Do You Want To Break This Record on FSX?
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Thread: Do You Want To Break This Record on FSX?

  1. #1

    Icon25 Do You Want To Break This Record on FSX?

    Shalom and greetings all my pals,

    Here is the photo of the plane flying NON STOP for 64 days, 22 hours, 19 minutes, and 5 seconds. That is how long the Cessna 172 flew without landing from December 1958 to February 1959. The two pilots refueled from a truck and slept in shifts on a single mattress.

    Do any of you want to break this record in real life or on FSX?



    Regards,

    Aharon

  2. #2

  3. #3
    While that particular attempt had a purpose (to advertise the Hotel and raise money for a good cause), there's probably a reason it has stood for 60 years, mainly that it would serve no real purpose any more. It was a bold idea, the right guys at the right time in Aviation History. I'm not an aviation history buff so it's not surprising that I've never heard of them or the flight, but I also don't imagine that it's the topic of normal conversation around a keg at your local GA airfield either.

    As for going for it in FSX or P3D or X-Plane, it's certainly not impossible, but certifying the flight. . .that might be a different subject altogether. No more than two people (must be the same two people that start the flight) flying constantly for at least 65 straight days, flying a Cessna 172 and using the Duenna to validate the entire flight and show that the aircraft was flown "non-stop". Refueling would have to be done "on-the fly" using a keystroke to invoke the action of topping off the fuel because I believe if you used the drop down menu for Fuel and weight it would show a pause in the Duenna which would invalidate the flight (maybe someone can advise if that's the case or not).

    Hmmm, come to think of it, even one refueling might invalidate the flight, regardless of how it was performed. Oh well! Maybe there's a daring duo out there that might take it on, but considering we can't get folks to use the flight server here at SOH for whatever reason. . .finding anyone who has that amount of time to kill might be a stretch. Good Luck!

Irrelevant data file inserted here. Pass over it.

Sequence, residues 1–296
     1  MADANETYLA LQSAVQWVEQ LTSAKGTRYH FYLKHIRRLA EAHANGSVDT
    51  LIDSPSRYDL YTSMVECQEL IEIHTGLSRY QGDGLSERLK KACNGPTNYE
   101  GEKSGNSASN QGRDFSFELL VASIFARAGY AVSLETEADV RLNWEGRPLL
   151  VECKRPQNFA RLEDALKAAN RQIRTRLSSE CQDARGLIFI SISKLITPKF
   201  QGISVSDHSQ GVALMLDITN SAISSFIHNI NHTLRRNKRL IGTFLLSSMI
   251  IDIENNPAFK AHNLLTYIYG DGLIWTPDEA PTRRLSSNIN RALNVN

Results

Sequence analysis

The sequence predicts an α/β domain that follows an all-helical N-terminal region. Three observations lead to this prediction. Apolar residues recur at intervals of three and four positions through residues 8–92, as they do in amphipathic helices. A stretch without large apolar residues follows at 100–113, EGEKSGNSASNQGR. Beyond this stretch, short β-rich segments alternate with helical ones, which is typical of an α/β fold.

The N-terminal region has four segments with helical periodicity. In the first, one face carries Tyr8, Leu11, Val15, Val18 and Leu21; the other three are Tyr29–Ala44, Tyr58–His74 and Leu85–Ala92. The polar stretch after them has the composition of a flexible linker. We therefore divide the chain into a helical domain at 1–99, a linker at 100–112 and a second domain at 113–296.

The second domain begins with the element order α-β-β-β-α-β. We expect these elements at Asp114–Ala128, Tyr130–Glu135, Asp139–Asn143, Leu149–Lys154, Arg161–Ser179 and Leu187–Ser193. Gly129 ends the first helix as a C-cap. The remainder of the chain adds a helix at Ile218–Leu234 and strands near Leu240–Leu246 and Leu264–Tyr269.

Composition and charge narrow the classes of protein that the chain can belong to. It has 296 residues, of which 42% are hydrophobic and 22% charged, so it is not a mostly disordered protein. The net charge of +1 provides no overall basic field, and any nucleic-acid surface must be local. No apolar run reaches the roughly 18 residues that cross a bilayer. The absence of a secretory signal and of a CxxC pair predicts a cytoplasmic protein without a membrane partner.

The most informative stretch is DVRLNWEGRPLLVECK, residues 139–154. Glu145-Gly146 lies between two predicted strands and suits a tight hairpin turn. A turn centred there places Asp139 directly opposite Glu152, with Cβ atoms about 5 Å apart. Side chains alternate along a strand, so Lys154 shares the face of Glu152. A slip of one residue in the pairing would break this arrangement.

USAF Retired, 301st Fighter Wing, Carswell AFB, Texas
    My SOH Uploads: http://www.sim-outhouse.com/sohforum...erid=83&sort=d

    Current System Specs:
    FSX/Accel and P3D_V4.5 | Windows10 64bit
    Motherboard: MSI760GM-E51(MS-7596)
    CPU: 3.9GHz AMD FX-4300 Quad-Core | RAM: 16GB DDR3 1333
    GPU: NVidia GTX 970 (4GB GDDR5)

  4. #4
    While not exactly the same setup, over in the multiplayer forum we have been doing some long distance non-stop/non-refueling record flights.

    The current record is 27 hrs 7 min covering 15,115nm in a Boeing 777-200LR.

    http://www.sim-outhouse.com/sohforum...-Duenna-Flight


    All recorded by the Duenna app which is a freeware addon that logs your flight and everything about it.

    Moses

  5. #5
    ha ha thanks for cool answers

    Anyway, this non stop 64 day event actually happened. The plane is now in museum in airport as seen on this link: https://news3lv.com/features/video-v...ece-of-history

    Here is another information on this flight: https://www.aopa.org/news-and-media/...est-circa-1958


  6. #6
    Quote Originally Posted by Aharon View Post
    64 days, 22 hours, 19 minutes, and 5 seconds. - The two pilots refueled from a truck and slept in shifts on a single mattress.
    I guess thats one way to build your hours quickly
    "Thou shalt maintain thine airspeed lest the ground shalt rise up and smite thee"

  7. #7
    I guess thats one way to build your hours quickly
    And reach the engine's TBO in one flight!

    I used to think completing Lindbergh's flight in real time in FSX would be impressive, but that's nothing compared to this. I was vaguely familiar with this flight IRL, but the retelling in the AOPA article definitely fills in a lot of blanks. Now that I'm officially 'middle-aged', I'd be worried about DVTs if I stayed cooped up in a Cessna for that long! It's really a testament to the men and machinery that the little 172 puttered along for so long.
    -Mark

  8. #8
    Quote Originally Posted by Moses03 View Post
    . . . . . . .All recorded by the Duenna app which is a freeware addon that logs your flight and everything about it.
    Moses
    Yep, that was my idea as to how to validate any such endurance flight, but since this requires refueling, I asked the obvious question (to me anyway), "wouldn't the duenna invalidate the flight if it showed a refuel during the flight?". If it would show a refuel but continue to monitor the on-going stats that would be fine, but if it automatically invalidated the flight and stopped recording. . .oh well.
    USAF Retired, 301st Fighter Wing, Carswell AFB, Texas